"Buenos dias", "buenas noches" -- this was the first words in a foreign language I heard in my life, as a three-year old boy growing up in developing post-war Western Germany, where the first gastarbeiters had arrived from Spain. Fascinated by the strange sounds, I tried to get to know some more languages, the only opportunity being TV courses of English and French -- there was no foreign language education for pre-teen school children in Germany yet in those days. Read more
To find some answers Tim Machan explores the language's present and past, and looks ahead to its futures among the one and a half billion people who speak it. His search is fascinating and important, for definitions of English have influenced education and law in many countries and helped shape the identities of those who live in them.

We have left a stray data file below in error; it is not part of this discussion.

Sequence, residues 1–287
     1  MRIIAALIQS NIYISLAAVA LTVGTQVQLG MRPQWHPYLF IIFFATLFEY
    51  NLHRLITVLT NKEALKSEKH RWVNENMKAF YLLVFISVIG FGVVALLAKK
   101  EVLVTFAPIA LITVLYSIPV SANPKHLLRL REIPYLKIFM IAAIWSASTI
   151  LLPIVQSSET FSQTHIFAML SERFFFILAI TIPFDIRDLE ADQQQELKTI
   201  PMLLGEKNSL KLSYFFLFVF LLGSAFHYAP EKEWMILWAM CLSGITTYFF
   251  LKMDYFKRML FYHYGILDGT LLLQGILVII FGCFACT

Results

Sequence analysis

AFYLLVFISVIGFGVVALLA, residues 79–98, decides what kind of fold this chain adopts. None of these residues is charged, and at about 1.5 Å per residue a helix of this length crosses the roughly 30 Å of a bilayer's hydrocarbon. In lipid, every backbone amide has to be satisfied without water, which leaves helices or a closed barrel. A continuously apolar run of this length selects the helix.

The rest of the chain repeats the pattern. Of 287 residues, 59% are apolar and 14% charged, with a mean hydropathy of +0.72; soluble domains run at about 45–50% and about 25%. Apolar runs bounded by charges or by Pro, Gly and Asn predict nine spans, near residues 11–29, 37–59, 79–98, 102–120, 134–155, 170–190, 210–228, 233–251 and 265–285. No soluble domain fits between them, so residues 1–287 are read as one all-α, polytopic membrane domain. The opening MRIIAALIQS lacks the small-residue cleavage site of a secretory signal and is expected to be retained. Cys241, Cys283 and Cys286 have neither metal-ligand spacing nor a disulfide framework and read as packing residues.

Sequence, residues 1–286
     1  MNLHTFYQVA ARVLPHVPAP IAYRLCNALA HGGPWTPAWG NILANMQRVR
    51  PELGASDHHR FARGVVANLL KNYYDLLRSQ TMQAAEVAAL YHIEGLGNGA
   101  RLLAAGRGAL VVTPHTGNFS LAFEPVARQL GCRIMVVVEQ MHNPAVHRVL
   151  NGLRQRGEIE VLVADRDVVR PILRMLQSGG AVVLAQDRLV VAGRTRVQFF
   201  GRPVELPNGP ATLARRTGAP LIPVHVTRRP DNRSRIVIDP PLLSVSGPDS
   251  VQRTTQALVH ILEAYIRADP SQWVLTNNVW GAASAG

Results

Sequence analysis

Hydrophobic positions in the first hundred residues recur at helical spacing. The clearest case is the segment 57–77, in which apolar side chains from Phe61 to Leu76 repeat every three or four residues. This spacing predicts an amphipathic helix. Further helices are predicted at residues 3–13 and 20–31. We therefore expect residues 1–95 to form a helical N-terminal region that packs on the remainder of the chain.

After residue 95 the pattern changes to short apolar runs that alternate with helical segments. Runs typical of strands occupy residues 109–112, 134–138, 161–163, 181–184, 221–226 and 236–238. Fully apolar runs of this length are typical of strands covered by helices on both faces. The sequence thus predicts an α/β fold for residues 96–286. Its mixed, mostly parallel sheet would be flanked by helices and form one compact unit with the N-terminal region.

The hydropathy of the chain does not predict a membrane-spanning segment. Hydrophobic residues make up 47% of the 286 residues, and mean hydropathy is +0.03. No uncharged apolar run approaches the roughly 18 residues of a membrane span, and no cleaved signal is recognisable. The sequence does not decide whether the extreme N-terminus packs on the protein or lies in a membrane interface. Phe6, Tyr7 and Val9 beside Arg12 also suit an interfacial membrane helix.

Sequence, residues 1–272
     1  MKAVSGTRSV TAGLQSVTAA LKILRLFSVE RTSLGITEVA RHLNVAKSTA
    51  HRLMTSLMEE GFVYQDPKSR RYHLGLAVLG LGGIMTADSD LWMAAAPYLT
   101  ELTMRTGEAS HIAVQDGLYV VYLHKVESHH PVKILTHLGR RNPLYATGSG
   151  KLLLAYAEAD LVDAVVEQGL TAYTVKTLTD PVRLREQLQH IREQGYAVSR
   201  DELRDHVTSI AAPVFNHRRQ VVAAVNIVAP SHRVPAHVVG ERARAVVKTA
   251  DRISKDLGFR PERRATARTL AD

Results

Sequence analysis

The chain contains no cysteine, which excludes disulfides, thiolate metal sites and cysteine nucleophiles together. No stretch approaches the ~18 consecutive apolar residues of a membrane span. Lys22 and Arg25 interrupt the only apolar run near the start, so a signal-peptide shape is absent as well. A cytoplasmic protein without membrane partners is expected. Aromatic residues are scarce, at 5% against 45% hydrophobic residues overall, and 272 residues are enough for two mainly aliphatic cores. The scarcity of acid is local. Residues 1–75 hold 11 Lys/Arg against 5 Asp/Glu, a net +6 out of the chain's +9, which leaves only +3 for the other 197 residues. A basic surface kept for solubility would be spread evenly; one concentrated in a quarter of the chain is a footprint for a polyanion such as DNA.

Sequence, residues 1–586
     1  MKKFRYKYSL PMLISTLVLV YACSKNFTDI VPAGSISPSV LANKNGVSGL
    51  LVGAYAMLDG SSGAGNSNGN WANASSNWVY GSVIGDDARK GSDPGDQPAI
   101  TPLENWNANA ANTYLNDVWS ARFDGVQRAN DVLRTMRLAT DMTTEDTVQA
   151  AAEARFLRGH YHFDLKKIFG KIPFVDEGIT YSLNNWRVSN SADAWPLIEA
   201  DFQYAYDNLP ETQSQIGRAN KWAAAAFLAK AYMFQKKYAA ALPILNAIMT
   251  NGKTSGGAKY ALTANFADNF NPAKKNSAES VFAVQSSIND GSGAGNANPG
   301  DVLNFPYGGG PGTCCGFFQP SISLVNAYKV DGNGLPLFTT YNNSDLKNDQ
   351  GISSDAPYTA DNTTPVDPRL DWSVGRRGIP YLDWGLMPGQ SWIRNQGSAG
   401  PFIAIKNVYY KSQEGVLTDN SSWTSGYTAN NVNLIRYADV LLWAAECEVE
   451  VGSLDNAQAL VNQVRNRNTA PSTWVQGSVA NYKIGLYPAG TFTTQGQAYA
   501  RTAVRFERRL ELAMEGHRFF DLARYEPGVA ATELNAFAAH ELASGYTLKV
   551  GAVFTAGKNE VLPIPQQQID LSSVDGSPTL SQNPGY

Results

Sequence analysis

This volume provides a new perspective on the evolution of the special language of medicine, based on the electronic corpus of Early Modern English Medical Texts, containing over two million words of medical writing from 1500 to 1700.
The book contains two main parts. In the first part (Chapter 2), previous studies of the prosody of Erzya are surveyed. The chapter focuses on earlier acoustic analyses of Erzya prosodic features, treatments of Erzya phonology, and diachronic and typological studies of Mordvin in general and Erzya in particular. The objective of this review is to bring forward research questions relevant to solving the puzzle of Erzya prosody. The second main part of the study (Chapter 3) presents the results of the experimental research. The analysis concentrates on the role of quantity and stress in the Erzya prosodic system. The duration of sounds, the acoustical structure of vowels, and the fundamental frequency are measured in a corpus of test sentences.
Volumes for sale at Tiedekirja (www.tsv.fi/engl/bookstor.html)